Correlation between coverage and variant calling
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2.3 years ago
vinayjrao ▴ 210

Hi,

I analyzed a few human Exome-Seq data sets, and I noticed that their fastq files were around 2.5 Gb each. I am analyzing another set, where the fastq files are around 900 Mb. After aligning both with hg38, and following the same pipeline, I noticed upon variant calling (GATK HaplotypeCaller) that the number of variants in the older data set (2.5 Gb fastq) were approximately 300,000, while in the current data set (900 Mb fastq), there are only around 100,000 variants.

I understand that a higher coverage would have given the software more confidence to identify variants, but is it possible to observe a linear correlation in the decrease of variants by approximately 3 times upon reduction in the number of reads by approximately 3 times, or is there something that I'm missing?

Thank you.

Exome-Seq SNP variant_calling • 545 views
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2.3 years ago

I understand that a higher coverage would have given the software more confidence to identify variants

Not necessarily.

Anecdotal evidence constantly suggests a relationship between position read depth [at which a variant is being called] and the false-positive and false-negative rate of variant calling.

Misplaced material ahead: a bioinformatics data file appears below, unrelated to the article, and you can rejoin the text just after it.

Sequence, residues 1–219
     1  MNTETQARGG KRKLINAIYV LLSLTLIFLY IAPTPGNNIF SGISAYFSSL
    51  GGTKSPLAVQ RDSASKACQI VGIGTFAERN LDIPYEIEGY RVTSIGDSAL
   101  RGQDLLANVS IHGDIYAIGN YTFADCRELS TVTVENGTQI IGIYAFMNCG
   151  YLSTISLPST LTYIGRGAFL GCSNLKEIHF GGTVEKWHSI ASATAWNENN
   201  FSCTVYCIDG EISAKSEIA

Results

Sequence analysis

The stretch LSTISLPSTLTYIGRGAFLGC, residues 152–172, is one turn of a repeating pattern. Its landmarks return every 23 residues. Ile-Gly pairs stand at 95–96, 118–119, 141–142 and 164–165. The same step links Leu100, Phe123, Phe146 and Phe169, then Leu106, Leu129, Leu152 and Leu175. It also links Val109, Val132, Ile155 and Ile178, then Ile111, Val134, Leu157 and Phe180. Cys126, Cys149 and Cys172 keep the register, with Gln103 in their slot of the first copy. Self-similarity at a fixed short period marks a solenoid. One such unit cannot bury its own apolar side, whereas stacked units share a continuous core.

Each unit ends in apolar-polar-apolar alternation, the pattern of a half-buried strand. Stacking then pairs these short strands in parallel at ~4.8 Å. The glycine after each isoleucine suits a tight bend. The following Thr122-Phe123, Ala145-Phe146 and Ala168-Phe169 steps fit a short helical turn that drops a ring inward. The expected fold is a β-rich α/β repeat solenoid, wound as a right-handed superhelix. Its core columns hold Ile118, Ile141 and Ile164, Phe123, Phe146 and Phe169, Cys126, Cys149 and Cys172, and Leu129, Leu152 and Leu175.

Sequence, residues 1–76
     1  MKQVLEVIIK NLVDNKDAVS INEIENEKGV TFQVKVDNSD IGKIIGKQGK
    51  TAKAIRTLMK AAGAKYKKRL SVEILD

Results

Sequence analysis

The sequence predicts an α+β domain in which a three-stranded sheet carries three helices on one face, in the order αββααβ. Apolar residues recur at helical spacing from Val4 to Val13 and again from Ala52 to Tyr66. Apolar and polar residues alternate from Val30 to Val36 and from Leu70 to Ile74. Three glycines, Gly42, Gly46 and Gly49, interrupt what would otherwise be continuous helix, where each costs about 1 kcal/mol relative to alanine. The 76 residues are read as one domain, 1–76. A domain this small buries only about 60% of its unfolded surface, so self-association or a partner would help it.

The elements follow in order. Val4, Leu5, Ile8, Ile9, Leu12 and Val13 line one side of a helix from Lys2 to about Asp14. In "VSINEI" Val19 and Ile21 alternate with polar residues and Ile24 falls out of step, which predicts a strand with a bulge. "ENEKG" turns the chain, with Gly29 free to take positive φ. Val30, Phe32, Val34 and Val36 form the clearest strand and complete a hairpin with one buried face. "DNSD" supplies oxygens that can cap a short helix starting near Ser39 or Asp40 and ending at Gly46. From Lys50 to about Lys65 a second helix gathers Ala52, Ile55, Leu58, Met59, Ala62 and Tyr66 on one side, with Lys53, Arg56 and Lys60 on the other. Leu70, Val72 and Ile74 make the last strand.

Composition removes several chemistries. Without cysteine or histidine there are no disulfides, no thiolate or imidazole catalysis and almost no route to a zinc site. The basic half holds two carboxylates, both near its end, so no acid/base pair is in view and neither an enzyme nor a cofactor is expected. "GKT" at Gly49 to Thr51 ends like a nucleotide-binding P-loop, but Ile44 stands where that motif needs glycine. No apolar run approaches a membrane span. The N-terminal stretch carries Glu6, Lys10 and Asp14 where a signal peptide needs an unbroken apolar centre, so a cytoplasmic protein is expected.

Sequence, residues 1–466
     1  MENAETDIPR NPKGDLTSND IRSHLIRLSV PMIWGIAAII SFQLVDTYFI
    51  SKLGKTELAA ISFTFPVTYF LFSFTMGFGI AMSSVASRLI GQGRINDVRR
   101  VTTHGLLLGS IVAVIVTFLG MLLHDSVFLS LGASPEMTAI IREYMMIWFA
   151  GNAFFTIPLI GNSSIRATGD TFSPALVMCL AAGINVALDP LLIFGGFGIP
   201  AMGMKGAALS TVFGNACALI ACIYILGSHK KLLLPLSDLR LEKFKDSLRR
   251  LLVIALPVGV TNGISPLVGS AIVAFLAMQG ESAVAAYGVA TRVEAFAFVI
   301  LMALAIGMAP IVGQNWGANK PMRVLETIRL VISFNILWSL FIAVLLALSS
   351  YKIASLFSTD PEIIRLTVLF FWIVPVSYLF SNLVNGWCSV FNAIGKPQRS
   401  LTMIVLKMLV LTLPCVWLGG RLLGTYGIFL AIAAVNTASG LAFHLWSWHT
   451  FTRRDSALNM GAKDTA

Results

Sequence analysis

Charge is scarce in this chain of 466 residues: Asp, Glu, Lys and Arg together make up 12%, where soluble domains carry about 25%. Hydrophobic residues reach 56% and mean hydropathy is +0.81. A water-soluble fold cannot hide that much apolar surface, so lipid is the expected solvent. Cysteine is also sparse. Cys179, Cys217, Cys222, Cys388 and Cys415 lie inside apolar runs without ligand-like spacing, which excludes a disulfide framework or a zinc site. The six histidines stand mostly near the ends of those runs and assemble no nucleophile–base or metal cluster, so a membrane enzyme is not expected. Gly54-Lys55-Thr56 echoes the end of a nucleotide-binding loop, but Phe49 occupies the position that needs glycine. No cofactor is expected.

To keep this short, you can break this dependency by random sampling your reads from your main aligned and QCd BAM, and then re-calling variants on each random sub-set. At the end, you then take the consensus calls. I elaborate on this, here: A: Best tool for variant calling

Kevin

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I would argue that it strongly depends on the variant caller. If you use tools like VarScan2 which use a statistical framework to calculate probabilities for a certain genotype to be present then decreasing read numbers will reduce power and therefore subsampling would reduce the number and confidence of variants. Not sure how GATK calls cariants though.

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That too - yes (i.e. the variant caller)

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Thank you both for the insight. Although, it is still not clear to me whether a decrease in fastq file size will linearly reduce the number of variants?

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2.3 years ago
harish ▴ 410

Also there are quite a few relevant blog posts from Brad Chapman about this on bcbio and a lovely article by Heng Li.

Heng Li's article: https://academic.oup.com/bioinformatics/article/30/20/2843/2422145

Bcbio posts: https://bcbio.wordpress.com/2013/10/21/updated-comparison-of-variant-detection-methods-ensemble-freebayes-and-minimal-bam-preparation-pipelines/

Production scripts on variant filtering in bcbio toolkit: https://github.com/bcbio/bcbio-nextgen/blob/98c12fdaa8ce6ab9c6c1fdfb4db39df9c7b548ff/bcbio/variation/vfilter.py#L120

While some of these posts might be older, they still offer an immense value.

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